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I Choose To Be Flawed But Unapologetically Myself!

My voice matters to me, my opinions hold my name. I want to be remembered for what I have disobeyed. That I am unapologetically me.

(Every time I write about myself, a part of me is liberated. This is a lot about women who dare to wear imperfections as their most precious attire. This is a tribute to all those women who believe in their womanhood, who believe they are special, beautiful, and powerful with their flaws. Who face humiliation on a daily basis for they are flawed, but they don’t pay their ears to the society that always points fingers at them. Instead, they sing, they dance, they eat, they drink, they cry, they smile, they fall, they rise, living in their own world of sisterhood, for they know their tribe has their back.)

I celebrate myself every day.

Every time I face rejection in the marriage proposal

for wearing this brown skin with me,

I celebrate my womanhood.

Every time I face gender discrimination

at my workplace, in the kitchen, or my house,

I celebrate my womanhood.

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Every time they point their fingers at me

for being fat, black, short,

and not being eligible for marriage

even when I cross the threshold

of the perfect age for getting married,

I celebrate my womanhood.

Every time they ask for a dowry from my father

and I stand up against it,

I celebrate my womanhood.

Every time I hear harsh words

for not being able to give birth to another life,

and every time I leave my partner for the betrayal,

I celebrate my womanhood.

Every time, I feel claustrophobic in this society

that is always busy judging me

for everything I do, I say, and I be,

I celebrate my womanhood.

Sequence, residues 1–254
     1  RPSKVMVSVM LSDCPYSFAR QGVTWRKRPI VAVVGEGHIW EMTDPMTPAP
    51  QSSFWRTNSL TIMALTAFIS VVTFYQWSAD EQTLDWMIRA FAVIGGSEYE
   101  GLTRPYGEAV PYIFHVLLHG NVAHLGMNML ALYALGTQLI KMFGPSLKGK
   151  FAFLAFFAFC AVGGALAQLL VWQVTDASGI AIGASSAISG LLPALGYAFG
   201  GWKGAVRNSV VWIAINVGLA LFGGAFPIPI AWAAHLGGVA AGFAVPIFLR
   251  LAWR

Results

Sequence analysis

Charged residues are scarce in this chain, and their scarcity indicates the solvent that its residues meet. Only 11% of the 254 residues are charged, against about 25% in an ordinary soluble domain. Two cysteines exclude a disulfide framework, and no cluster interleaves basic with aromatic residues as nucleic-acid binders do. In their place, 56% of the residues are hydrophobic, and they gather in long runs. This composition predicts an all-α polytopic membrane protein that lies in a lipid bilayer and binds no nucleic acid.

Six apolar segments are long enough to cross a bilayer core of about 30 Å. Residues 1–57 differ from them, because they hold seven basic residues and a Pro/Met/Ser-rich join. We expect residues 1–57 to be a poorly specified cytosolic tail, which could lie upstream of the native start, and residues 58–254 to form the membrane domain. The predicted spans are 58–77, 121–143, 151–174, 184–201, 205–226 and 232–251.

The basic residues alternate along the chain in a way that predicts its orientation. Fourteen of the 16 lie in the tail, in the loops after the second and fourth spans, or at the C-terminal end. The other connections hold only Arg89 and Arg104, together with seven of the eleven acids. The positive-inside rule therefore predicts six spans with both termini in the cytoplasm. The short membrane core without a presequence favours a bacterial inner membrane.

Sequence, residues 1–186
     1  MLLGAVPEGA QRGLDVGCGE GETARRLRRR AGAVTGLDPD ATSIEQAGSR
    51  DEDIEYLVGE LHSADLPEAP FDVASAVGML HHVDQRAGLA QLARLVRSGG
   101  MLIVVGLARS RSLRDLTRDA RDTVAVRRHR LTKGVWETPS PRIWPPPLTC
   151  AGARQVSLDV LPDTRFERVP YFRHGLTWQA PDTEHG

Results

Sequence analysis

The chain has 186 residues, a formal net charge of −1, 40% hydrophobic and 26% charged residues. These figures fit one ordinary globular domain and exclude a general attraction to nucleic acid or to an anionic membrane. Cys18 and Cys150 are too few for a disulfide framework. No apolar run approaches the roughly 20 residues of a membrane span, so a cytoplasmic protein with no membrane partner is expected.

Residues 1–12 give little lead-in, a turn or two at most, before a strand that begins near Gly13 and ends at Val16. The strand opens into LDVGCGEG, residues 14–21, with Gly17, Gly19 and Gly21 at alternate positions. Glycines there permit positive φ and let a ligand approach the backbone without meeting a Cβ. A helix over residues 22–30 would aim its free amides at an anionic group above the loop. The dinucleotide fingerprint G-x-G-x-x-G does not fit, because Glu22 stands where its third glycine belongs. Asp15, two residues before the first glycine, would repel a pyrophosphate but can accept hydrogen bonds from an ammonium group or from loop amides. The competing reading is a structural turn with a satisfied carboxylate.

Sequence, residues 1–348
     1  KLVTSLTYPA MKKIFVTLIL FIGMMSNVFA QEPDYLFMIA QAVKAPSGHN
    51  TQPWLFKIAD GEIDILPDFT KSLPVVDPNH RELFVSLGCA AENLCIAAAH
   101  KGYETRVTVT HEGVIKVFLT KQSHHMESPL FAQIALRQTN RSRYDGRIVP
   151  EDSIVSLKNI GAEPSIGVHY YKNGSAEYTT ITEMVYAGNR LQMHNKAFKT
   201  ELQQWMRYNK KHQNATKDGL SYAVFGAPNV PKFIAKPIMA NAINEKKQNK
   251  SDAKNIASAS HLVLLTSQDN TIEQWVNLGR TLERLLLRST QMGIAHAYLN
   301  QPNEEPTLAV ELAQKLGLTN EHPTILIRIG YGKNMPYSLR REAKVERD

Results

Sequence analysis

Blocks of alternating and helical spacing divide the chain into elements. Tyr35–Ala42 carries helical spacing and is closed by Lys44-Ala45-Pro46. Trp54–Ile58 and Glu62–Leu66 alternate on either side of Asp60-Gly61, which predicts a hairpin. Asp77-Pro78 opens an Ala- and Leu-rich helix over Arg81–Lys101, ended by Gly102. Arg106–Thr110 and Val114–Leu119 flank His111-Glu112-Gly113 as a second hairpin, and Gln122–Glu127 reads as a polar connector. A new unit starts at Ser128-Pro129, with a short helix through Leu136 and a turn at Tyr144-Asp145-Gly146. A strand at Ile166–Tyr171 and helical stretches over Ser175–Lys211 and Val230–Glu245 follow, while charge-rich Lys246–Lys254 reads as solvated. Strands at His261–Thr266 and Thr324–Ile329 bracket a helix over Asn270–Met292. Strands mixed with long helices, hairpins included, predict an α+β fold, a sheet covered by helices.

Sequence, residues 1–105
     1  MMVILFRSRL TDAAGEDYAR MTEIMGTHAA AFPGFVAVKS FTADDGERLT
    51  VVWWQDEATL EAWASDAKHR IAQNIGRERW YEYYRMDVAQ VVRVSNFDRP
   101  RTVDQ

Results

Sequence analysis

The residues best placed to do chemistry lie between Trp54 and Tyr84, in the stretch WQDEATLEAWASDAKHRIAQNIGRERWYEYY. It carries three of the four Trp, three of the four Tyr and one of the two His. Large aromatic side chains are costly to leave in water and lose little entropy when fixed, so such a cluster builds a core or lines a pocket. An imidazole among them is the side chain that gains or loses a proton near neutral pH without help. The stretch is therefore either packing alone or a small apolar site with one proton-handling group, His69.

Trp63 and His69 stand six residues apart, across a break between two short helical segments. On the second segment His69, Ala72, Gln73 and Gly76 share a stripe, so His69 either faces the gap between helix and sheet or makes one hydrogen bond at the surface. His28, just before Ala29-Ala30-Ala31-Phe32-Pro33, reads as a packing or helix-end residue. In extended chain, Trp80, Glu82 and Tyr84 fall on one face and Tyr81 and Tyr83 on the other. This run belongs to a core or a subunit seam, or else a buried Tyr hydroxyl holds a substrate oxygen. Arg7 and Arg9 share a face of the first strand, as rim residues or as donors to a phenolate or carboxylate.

Every time, I forget to cover my chest

with a dupatta

and people speak to me harsh

for not being a well-mannered girl in front of the world,

I celebrate my womanhood.

Every time, I wear the dress I love,

I adorn myself with black kohl and red lipstick,

and cover my face with a piece of cloth,

within me,

inside that covered cloth and choked breaths,

I celebrate my womanhood.

Every time I speak the truth in front of the abusers,

and slap them, and cut them with my rogue tongue,

I celebrate my womanhood.

Every time, they blame me for my desire for education,

my dreams, my hope, my ambition,

and bury them one by one,

on that lonely night when no one can see me

crying, breaking, shattering,

I, still, celebrate my womanhood.

Every time I am called an unsuccessful daughter,

a reluctant lover,

an unworthy sister,

and a good-for-nothing woman

shamelessly carrying this homebody on the earth,

I celebrate my womanhood.

They tell me that I am too fat to get a handsome groom,

I am too short to find someone tall

Who will protect me from dhoop,

I am too sensitive to adjust to their wild desires,

I am too emotional to fall into tears whenever I cut my fingers,

“Big girls don’t cry”,

They tell me, always.

They tell me that I am too outspoken

to satisfy my elders’ points of view,

I am too conservative to go on a date with my male friends.

I am too ancient to learn the theories and practical

of being a modern wife,

I am too modern to practice their superstitious beliefs.

They tell me that my art

of worship from the heart

but not with hands is

something that is strongly against their reputation,

And this is why, I

should be punished.

They tell me that I am not worthy of anything,

That I am too old for getting married,

for holding a child in my womb,

Because my womb is not that young

to give birth to a healthy child


They tell me that I am not able to see

a new dream

for they have clipped my wings

and I can’t fly,

I am not that beautiful to get someone whom I want,

I can’t cook a meal that’s perfect to serve on their plates,

I can’t feed my family,

I can’t even breastfeed my child,

I can’t fulfill someone’s lustful wishes for the dreadful nights,

I am not that beautiful to find a lover,

and marry him, and settle on time.

But I find my inspiration to be a woman like me

from me, and only me,

to my utter surprise.

I might be right,

I might be wrong,

But I don’t want to be perfect,

For I choose to be flawed.

I am proud of my body,

I am proud of my beauty,

My voice matters to me

My opinions hold my name,

I want to be remembered for what I have disobeyed

Not a girl who agreed with her elders, always.

I embrace my brokenness as the sister of my wholeness,

For they define me fiercely.

And this is how I celebrate my womanhood,

For my womanhood is a blessing to me.

Image source: a still from the film Piku

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About the Author

Swarnali Nath

Swarnali is an Author, Blogger, Wellbeing Researcher, and Singer. She blogs at 'The Blissful Storyteller'. She runs The Peace Stories initiative where she shares stories of healing, recovery, personal winning, and self-discovery. An avid read more...

7 Posts | 6,598 Views

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